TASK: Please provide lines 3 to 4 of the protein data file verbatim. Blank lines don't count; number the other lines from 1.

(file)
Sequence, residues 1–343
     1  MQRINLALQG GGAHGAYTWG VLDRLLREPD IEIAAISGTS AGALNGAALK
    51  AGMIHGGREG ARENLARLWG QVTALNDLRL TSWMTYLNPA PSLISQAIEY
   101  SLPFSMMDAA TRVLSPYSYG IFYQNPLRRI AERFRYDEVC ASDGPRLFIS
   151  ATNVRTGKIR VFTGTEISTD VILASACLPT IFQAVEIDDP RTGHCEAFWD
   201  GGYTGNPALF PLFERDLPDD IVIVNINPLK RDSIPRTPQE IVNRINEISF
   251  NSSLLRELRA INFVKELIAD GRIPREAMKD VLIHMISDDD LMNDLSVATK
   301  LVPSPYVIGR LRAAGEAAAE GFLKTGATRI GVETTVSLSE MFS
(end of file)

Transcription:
    51  AGMIHGGREG ARENLARLWG QVTALNDLRL TSWMTYLNPA PSLISQAIEY
   101  SLPFSMMDAA TRVLSPYSYG IFYQNPLRRI AERFRYDEVC ASDGPRLFIS